Newton the First Scientist Knighted
We think of Isaac Newton today as one of the greatest physicists and mathematicians of his or any other era. But he was far more besides: he was, for example, convinced of the possibilities of alchemy; he twice served as an MP, in 1689 – 90 and in 1701; and in 1696 was made Warden of the Royal Mint and eventually its Master, playing a very practical role in the reform of British coinage.
It was probably because of his work for the Mint and in politics that Queen Anne knighted him in Cambridge in 1705, when visiting his college, Trinity. He had after all been known as a scientist of genius for more than 30 years before his knighthood was bestowed. Then as now, it seems, serving in Parliament without achieving anything was deemed by the British establishment to be as valuable as making epoch-changing discoveries in science (at least the discoverer of calculus would have been able to calculate his expenses correctly). Nevertheless he goes down in history as the first true scientist to be awarded a knighthood.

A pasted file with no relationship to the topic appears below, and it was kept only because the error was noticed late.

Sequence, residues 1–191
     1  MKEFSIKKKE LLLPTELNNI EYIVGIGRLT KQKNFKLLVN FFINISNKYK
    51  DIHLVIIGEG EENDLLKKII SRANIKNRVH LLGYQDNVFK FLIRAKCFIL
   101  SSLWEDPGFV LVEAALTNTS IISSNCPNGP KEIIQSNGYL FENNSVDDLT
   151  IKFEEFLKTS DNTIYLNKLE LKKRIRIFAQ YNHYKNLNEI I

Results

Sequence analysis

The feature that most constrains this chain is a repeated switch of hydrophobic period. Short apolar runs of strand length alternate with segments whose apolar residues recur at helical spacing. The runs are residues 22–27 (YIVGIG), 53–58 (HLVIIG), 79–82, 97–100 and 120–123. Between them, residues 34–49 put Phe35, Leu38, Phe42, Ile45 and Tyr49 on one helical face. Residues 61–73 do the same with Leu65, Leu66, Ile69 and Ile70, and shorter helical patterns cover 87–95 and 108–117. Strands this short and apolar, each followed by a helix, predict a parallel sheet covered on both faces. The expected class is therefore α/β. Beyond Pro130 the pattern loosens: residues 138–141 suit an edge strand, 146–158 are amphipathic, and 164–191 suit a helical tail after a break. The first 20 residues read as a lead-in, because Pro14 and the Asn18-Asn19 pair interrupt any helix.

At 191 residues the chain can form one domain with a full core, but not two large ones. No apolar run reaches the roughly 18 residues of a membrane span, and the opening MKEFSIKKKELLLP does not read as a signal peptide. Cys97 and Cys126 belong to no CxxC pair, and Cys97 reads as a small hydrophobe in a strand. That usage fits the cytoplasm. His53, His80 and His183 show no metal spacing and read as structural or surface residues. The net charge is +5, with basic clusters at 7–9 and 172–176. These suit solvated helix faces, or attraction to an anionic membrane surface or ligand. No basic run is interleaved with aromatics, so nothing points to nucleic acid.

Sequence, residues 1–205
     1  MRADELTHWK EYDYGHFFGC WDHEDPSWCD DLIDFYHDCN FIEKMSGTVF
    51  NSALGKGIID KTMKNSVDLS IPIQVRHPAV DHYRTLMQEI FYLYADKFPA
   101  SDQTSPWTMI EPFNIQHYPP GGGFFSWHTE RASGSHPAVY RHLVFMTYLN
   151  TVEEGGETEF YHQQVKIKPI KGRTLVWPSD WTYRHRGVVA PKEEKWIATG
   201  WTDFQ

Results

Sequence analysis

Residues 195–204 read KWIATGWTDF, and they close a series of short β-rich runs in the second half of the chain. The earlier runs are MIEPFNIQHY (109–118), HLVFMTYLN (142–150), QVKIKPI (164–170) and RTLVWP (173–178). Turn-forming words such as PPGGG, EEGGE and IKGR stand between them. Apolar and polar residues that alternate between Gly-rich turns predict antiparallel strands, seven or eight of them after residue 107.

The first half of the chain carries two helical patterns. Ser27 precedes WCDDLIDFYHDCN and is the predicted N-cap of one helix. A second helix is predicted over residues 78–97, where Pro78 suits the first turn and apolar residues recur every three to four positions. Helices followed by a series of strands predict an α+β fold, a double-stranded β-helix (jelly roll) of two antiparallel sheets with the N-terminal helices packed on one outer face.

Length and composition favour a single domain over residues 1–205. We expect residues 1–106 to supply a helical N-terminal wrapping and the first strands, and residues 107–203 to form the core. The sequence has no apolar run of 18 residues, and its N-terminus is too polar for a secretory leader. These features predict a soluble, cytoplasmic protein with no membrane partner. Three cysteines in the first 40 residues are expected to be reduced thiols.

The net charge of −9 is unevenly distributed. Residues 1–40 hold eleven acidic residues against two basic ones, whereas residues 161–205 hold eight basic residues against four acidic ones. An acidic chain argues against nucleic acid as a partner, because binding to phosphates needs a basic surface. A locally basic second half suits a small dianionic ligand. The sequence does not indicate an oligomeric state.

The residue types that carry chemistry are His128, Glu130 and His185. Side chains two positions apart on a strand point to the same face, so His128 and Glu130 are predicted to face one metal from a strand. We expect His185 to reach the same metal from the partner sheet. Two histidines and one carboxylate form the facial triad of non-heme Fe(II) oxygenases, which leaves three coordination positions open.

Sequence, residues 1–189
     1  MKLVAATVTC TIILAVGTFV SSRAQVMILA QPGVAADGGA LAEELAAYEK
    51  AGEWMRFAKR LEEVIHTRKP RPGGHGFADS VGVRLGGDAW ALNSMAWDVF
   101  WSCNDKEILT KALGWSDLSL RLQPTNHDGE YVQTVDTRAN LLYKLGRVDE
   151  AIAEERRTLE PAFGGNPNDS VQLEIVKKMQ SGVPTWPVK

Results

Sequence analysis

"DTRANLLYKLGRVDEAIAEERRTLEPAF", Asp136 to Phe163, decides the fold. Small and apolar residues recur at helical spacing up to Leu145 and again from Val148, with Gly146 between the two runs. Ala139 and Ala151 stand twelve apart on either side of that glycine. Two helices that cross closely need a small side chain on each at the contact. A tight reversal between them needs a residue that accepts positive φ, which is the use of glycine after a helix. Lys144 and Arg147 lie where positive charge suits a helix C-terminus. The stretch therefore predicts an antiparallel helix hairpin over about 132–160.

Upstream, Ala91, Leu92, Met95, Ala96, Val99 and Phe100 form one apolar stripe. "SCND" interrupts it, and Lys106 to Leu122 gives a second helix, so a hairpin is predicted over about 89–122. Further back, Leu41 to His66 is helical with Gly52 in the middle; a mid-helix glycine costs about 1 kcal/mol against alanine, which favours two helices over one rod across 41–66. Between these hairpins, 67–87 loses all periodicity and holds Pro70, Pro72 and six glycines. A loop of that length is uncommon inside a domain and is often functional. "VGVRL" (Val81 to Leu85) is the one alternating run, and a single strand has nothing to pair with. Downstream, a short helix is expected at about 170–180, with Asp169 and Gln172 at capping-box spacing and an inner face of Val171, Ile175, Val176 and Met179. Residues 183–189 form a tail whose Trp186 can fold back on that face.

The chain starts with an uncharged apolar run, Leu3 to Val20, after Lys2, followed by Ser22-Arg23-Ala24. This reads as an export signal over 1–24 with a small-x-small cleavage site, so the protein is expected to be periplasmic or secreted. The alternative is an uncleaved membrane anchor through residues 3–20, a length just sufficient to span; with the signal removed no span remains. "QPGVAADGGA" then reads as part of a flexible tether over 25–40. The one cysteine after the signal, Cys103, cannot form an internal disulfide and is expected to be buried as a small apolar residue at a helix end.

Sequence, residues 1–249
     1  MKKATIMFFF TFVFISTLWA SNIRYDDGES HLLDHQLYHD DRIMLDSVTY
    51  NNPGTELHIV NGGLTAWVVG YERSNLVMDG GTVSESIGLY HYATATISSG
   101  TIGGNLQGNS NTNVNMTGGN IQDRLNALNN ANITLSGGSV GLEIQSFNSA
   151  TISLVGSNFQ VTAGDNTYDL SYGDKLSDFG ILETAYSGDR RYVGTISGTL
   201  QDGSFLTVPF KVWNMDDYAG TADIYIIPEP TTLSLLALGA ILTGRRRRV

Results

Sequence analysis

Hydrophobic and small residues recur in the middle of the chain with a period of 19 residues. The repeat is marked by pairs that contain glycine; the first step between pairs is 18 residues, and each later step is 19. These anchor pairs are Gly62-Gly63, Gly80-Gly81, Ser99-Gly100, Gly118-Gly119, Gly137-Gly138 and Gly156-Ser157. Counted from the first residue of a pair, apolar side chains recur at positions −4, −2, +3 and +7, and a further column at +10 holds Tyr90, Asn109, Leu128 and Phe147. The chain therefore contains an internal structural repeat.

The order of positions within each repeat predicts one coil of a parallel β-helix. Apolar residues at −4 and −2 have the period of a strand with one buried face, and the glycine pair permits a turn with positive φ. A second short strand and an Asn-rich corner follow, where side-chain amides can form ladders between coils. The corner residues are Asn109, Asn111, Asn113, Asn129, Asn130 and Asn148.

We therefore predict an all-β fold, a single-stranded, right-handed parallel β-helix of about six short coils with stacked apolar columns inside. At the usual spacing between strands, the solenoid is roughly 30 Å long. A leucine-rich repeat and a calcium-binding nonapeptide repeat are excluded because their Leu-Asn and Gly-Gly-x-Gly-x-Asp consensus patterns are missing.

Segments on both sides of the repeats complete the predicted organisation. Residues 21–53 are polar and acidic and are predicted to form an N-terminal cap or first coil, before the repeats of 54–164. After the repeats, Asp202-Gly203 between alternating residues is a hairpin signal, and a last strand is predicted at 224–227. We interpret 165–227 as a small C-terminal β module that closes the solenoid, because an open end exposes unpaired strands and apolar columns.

Newton was further honoured after his death by being buried with great ceremony in Westminster Abbey , an interesting resting place for a man whose heretical views on Christianity would have barred him from holding office at Cambridge, had Charles II not neatly avoided the problem by exempting holders of Newton’s particular post – Lucasian Professor – from the need to take holy orders.
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